Fundamentals of Computer Science II (CSC-152 97F)

[News] [Basics] [Syllabus] [Outlines] [Assignments] [Examples] [Readings] [Bailey Docs]

Outline of Class 32: Bailey's Iterative Quicksort

• Miscellaneous
• Exceptions, Clarified

Miscellaneous

• Happy Halloween!
• Assignment 4 is now graded. Sorry for the delay.
• Any questions on assignment 5?
• Assignment 6 is almost ready. It will be due next Friday. It should be ready this afternoon, perhaps around 4pm. Basically, you'll be
• sorting, using your integer lists; and
• implementing a puzzle solver with both stacks and queues.
• Start reading chapters 10 and 11 in Bailey for next week. We won't spend much time on chapter 10, but it makes good background reading.

Exceptions, Clarified

• There are still some problems with exceptions. We'll consider
• Motivation
• Throwing/Raising
• Handling
• Note that this section was added after class, because of some in-class discussion. It will be completed later today.

Exceptions, Motivated

• Why are there exceptions? To provide a clear error-handling system for Java.

Handling Exceptions

• There are two standard ways (with some variations).
• You can deal with the error yourself.
• You can pass the error on to your calling method.

Bailey's Linear Structure Examples

• There seems to have been some confusion about the exmaples in chapter eight of Java Structures. We'll spend some time going over the ones that seem confusing.

Iterative Quicksort

• As we've seen earlier, many programmers dislike recursion or feel that it's too inefficient. What are the solutions? Writing tail-recursive methods, which can run as efficiently as iterative methods, or simply write iterative methods.
• However, some algorithms are difficult to write iteratively without some extra support. QuickSort is one of those algorithms.
• Recall that quick sort looks something like:
// determine a pivot to use to partition the array into small and
// large parts
...
// shuffle the array into large and small parts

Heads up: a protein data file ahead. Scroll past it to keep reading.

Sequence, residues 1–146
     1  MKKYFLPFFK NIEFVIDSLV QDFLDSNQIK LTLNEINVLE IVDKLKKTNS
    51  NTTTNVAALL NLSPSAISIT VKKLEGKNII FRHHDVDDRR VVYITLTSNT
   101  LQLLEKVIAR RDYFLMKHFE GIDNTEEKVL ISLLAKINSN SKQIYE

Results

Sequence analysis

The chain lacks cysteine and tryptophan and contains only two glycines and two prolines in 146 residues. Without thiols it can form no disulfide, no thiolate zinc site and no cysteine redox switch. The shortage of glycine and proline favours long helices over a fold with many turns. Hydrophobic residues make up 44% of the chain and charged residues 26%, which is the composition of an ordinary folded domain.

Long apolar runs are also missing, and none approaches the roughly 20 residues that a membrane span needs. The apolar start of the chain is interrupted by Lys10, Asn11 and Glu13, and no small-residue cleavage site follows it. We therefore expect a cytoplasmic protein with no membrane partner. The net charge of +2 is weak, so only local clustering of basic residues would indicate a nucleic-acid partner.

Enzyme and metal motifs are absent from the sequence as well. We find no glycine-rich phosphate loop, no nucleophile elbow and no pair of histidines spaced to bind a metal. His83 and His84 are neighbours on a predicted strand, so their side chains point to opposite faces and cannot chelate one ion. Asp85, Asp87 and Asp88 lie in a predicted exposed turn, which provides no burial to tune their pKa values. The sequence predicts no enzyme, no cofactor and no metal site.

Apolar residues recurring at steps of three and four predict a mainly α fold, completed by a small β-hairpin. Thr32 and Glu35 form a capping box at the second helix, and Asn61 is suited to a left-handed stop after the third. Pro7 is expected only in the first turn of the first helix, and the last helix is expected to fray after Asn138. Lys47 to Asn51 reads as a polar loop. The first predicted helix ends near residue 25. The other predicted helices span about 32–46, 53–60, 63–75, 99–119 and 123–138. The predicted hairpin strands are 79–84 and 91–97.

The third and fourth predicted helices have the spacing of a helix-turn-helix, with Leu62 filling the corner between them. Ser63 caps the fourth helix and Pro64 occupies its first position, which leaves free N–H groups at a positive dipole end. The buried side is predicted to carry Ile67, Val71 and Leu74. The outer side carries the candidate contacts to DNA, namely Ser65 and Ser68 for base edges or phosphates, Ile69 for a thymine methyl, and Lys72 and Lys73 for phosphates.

...
// determine the position of the pivot within the array
...
// sort the left half of the array (recursive call)
...
// sort the right half of the array (recursive call)

• Among the reasons that this is difficult to implement recursively is that we have to recursive calls that can't really be joined.
• Bailey asks us to look at the function calls that are made in recursive quicksort and simulate those directly, using a stack to store function calls in progress.
• This is what the computer actually does.
• I'll try a related, but somewhat different tactic: we'll use a stack to store the ranges (or subranges) that need to be sorted.
/**
Sort a vector using the legendary quicksort algorithm which partitions the
vector into small and large parts and then sorts each part.
pre: nonempty vector
post: the vector is sorted (all the original elements are still there
and for all 0 <= i < size()-2, data[i] <= data[i+1])
*/
public static void quickSortIterative(Vector data) {
Range r;		// The current range in the vector that we're sorting
Object pivot; // A value used to partition the vector
int pivloc;	// The location of the pivot
Stack todo;	// A list of the ranges left to sort
// Initially, we need to sort the whole Vector
todo.push(new Range(0,data.size()-1));
// As long as there are ranges left to sort, sort them (or start
// working on them).
while (!todo.empty()) {
r = pop(todo);
// Base case: Size one or less.  Already sorted, so go on to the
//   next thing remaining to sort.
if (r.size() <= 1) next;
// Determine a pivot to use to partition the array into small and
//   large parts
pivot = pickPivot(data,Range);
// Partition the array into large and small parts and
//   determine the position of the pivot within the array
pivloc = partition(data,Range,pivot);
// Note the we half to sort the left half of the array
todo.push(new Range(r.lower(),pivloc-1));
// Note the we half to sort the right half of the array
todo.push(new Range(pivloc+1,r.upper()));
} // while
// That's it, we're done
} // quickSortIterative

Solving Puzzles

• We've done a quick generalization of both the shuffling coins and the maze solving problems.
• There is a Puzzle object that supports
• reset() reset the puzzle to its initial state
• legalMoves() list the legal moves
• makeMove(Move m) make a legal move
• How do we solve it?
• Our first attempt, repeatedly picking a random legal move, isn't guaranteed to work.
• You can get loops.
• Take-home "assignment": think about better solutions.

Outlines: prev next

[News] [Basics] [Syllabus] [Outlines] [Assignments] [Examples] [Readings] [Bailey Docs]

Disclaimer Often, these pages were created "on the fly" with little, if any, proofreading. Any or all of the information on the pages may be incorrect. Please contact me if you notice errors.